Now that my two girls are in Middle School, teen acne is on the radar. I like to use teen acne products as well to keep my skin clear and it makes for less clutter in the bathroom that all five of us share!
My dermatologist, Dr. Madeleine Krauss, says that if acne is mild as it is for most teens, try over-the counter acne medication. She posted about her favorite drugstore acne products and included Neutrogena Oil Free Acne Wash. She says that the least irritating treatment is a wash that contains salicylic acid. You can also save $1 by using this coupon for it here.
At the end of second grade my son started learning his multiplication facts along with a few division facts. He had been using a free math site his 2nd grade teacher recommended called Xtra Math and after finishing addition and subtraction facts, moved on to multiplication. Though the site was effective in teaching him math facts, it stressed him out to the point of tears.
Xtra Math has this feature that makes you “Race the Teacher.” If you don’t answer the problem correctly in about two seconds, you get dinged. He hated that portion of the questions but you had to complete it before the site said that you were done.
I like using math gaming apps to get my son to practice his math facts. He will only play each game twice so we need a lot of sites to keep him engaged. That really motivates me to find more fun math sites for him.
What is your favorite math site or game to learn multiplication facts?
Fun and FREE Multiplication Games
Here’s a few that he likes:
Grand Prix: Race other kids in a car racing game that is fueled by how quickly and accurately you can solve multiplication math fact problems. You can also race the computer, and adjust the questions to focus on a particular math fact set.
“Life’s most persistent and urgent question is: ‘What are you doing for others?’”
Dr. Martin Luther King Jr
image from Wikipedia
To celebrate Martin Luther King Jr. Day on January 20th, I thought I would compile my previous posts on MLK day and the Civil Rights Movement. I hope these lists will be helpful if you are looking for a children’s book to celebrate MLK day or Black History Month in February.
If you need just three books, I’ve chosen my favorite picture book, advanced picture book and chapter book to tell the story of the civil rights from three points of view. The great man himself in his own words. Ruby Bridge’s story as told by her child psychologist Dr. Robert Coles. And through the point of view of a Caucasian girl trying to figure out what was going on when her town pool closed to avoid desegregation.
Please welcome my guest blogger, Anna Olswanger. I “met” her when I read a review of Greenhorn and her picture book stopped me in my tracks. It’s powerful story about the Holocaust that really reverberated. I literally could not stop thinking about that little boy and his tin box for days. I added it immediately to my 34 Haunting Holocaust Books for Kids list.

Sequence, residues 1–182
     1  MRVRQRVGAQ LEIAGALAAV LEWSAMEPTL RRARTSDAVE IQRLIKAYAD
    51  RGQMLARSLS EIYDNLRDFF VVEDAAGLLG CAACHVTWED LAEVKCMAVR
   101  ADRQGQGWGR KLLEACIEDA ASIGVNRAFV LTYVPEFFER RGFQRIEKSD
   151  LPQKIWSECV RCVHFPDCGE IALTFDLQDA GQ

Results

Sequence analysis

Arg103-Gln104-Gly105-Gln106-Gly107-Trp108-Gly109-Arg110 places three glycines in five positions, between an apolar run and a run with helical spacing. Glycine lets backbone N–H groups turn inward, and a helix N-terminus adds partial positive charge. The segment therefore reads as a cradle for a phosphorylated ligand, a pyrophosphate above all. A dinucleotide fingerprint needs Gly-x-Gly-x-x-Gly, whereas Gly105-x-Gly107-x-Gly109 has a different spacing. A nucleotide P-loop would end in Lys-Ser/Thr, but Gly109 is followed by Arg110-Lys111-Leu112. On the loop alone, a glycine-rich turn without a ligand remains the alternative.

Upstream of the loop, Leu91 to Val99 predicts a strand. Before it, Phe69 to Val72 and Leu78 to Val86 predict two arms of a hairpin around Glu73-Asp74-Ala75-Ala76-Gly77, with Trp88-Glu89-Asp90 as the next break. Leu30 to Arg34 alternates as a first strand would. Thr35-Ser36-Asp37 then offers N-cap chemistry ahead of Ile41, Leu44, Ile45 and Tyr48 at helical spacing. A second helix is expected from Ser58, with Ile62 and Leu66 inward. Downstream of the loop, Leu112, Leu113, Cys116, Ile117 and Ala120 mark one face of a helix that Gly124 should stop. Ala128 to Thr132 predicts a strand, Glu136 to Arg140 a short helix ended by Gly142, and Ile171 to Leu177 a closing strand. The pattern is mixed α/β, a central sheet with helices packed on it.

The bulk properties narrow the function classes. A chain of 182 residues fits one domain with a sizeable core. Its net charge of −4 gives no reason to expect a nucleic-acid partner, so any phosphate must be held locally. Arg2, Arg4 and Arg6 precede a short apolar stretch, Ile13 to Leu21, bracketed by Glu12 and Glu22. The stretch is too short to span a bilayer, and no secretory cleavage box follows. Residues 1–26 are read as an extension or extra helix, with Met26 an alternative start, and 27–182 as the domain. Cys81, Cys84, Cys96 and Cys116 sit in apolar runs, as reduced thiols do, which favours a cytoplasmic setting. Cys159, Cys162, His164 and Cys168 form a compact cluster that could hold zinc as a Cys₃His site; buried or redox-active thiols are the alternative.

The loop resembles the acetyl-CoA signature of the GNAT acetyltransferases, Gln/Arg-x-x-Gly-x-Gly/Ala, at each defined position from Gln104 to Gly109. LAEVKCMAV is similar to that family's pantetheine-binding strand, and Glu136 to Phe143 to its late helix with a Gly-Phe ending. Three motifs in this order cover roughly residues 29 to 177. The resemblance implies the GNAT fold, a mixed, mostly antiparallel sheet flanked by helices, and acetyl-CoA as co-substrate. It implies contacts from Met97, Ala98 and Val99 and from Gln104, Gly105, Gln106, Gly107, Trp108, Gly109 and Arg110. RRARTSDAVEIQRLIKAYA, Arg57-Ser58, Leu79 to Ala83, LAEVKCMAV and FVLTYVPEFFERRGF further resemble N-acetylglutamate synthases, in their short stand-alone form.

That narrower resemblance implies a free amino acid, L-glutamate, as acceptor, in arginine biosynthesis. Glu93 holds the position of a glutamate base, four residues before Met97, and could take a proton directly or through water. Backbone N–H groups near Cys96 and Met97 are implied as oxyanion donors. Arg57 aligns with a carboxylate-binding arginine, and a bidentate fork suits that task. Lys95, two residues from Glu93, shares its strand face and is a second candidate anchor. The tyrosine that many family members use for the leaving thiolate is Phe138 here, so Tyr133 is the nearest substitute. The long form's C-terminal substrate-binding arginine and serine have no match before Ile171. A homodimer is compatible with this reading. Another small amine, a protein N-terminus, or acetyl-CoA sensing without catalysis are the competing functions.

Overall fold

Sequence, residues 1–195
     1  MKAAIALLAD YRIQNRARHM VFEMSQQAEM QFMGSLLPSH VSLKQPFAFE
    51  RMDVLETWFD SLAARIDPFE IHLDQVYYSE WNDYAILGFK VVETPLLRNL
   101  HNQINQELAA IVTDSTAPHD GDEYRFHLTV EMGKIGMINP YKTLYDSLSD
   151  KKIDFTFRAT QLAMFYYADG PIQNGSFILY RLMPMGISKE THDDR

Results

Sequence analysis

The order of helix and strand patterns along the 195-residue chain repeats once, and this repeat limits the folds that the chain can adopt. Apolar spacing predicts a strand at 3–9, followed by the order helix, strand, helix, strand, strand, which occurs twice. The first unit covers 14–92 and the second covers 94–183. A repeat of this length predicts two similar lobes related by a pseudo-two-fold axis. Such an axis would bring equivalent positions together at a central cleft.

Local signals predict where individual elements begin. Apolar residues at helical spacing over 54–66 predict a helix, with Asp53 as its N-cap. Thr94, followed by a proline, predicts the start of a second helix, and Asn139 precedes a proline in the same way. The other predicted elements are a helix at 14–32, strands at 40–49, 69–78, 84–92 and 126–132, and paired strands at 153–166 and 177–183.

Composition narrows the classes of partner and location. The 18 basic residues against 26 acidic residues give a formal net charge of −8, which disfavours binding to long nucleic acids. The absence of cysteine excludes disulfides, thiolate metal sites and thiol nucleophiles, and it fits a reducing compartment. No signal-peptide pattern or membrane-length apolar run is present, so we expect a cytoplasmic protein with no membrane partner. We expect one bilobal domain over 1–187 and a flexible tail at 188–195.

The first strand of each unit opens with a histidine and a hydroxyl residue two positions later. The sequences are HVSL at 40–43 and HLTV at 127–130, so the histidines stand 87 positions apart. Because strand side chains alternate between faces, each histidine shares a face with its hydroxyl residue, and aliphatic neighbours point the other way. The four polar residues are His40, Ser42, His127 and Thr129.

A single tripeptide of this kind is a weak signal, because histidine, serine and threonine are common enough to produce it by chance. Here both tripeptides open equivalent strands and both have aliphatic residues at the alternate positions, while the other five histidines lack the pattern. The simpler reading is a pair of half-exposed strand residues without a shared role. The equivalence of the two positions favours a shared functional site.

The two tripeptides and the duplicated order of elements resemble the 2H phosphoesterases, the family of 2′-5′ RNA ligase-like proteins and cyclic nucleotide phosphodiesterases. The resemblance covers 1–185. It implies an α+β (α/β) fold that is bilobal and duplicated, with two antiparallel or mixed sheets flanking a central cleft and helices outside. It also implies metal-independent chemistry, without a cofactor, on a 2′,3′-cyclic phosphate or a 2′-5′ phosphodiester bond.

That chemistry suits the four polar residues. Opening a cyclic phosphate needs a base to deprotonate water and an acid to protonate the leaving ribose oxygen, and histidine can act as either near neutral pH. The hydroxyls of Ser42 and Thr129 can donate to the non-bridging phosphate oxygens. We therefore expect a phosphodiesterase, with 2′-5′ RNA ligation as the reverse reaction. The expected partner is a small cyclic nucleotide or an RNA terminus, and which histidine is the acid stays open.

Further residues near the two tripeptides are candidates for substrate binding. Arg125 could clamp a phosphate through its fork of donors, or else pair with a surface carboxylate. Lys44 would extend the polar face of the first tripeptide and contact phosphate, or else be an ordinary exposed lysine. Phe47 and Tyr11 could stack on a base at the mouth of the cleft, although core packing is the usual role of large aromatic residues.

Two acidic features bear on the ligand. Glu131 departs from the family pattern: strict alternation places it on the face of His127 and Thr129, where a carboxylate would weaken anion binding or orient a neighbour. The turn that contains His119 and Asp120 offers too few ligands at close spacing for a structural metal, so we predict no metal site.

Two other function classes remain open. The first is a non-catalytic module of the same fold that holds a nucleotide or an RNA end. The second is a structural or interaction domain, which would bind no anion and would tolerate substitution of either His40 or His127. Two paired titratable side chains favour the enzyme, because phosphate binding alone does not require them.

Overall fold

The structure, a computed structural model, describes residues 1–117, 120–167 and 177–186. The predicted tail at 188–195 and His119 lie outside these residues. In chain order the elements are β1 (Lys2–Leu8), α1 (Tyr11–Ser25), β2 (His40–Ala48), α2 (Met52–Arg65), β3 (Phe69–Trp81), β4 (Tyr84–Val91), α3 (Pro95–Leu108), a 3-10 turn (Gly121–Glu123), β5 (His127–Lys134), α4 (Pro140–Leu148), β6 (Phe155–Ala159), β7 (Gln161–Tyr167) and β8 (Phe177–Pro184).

It doesn’t surprise me that Anna notices the little details in life around her. Her story today is about the little House Finch birds that come to her bird feeder that she notices from her window during writing breaks from her computer. She notes with concern that they are sick.
I looked it up:
House Finch Eye Disease
What does conjunctivitis look like?
Infected birds have red, swollen, watery, or crusty eyes; in extreme cases the eyes become swollen shut or crusted over, and the birds become essentially blind. If the infected birds die, it is usually not directly from the conjunctivitis, but rather from starvation, exposure, or predation as a result of not being able to see. Some infected birds do recover.
It’s strange that conjuctivitis which kids commonly get is a very infection disease but really a nuisance more than anything, but for a House Finch, it can be lethal.
Here’s her story and my prayers that her House Finch friend is ok!
The house finch sat on the feeder outside my window and coughed. She was brown, a female. I read about her red, swollen eyes on the Web and discovered she had a respiratory disease that had infected her eyes. In extreme cases, the eyes of these birds would become swollen shut and the birds would become blind. They would die from starvation or predation because they couldn’t see. Read more…
Valarie Budayr of Jump Into a Book and I are getting excited for January 27th to roll around so we can celebrate multicultural children’s books along with all of you and many wonderful parenting and children’s book bloggers! So far, more than two dozen bloggers have signed up to help us celebrate diversity in children’s books and we will be matching them up with books from publishers!
Multicultural Children’s Book Day: Celebrating Diversity in Children’s Books
January 27, 2014
Our wonderful sponsors include:
Platinum Sponsor: Wisdom Tales Press
Wisdom Tales publishes both children’s and teen titles and was created for the purpose of sharing the wisdom, beauty, and values of traditional cultures and peoples from around the world with young readers and their families.
World Wisdom has been publishing children’s books by Caldecott medal winner, Paul Goble, since 2005; since 2002 it has produced many acclaimed books that are well-suited for teens, especially those about the American Indians. Read more…
It could be that because I am getting excited for Multicultural Children’s Book Day: Celebrating Diversity in Children’s Literature on January 27th 2014 , I really got excited about the Marisol McDonald picture book series.
I grew up in Southern California but have been living outside Boston for the past 15 years. When I went to a friend’s birthday party in Southern California a decade ago — I kid you not — EVERY single child at that party of two dozen was of mixed race. That’s California for you!
My own kids are multi-racial Asians that we refer to in Hawaiian slang as a “Mixed Plate” in that they are 1/4 Japanese, 1/4 Chinese and 1/2 Korean. And American too, of course, because they were all born in Boston.
In the first picture book, Marisol doesn’t match because she has red hair and nut-brown skin. She likes peanut butter and jelly but nestled in a burrito. I’m glad these multi-racial messages are finally making it in picture book land because this kind of mixed up culture is very normal to me.
My name is Marison McDonald, and I don’t match because … I don’t want to!
I like being unique, different, and one of a kind.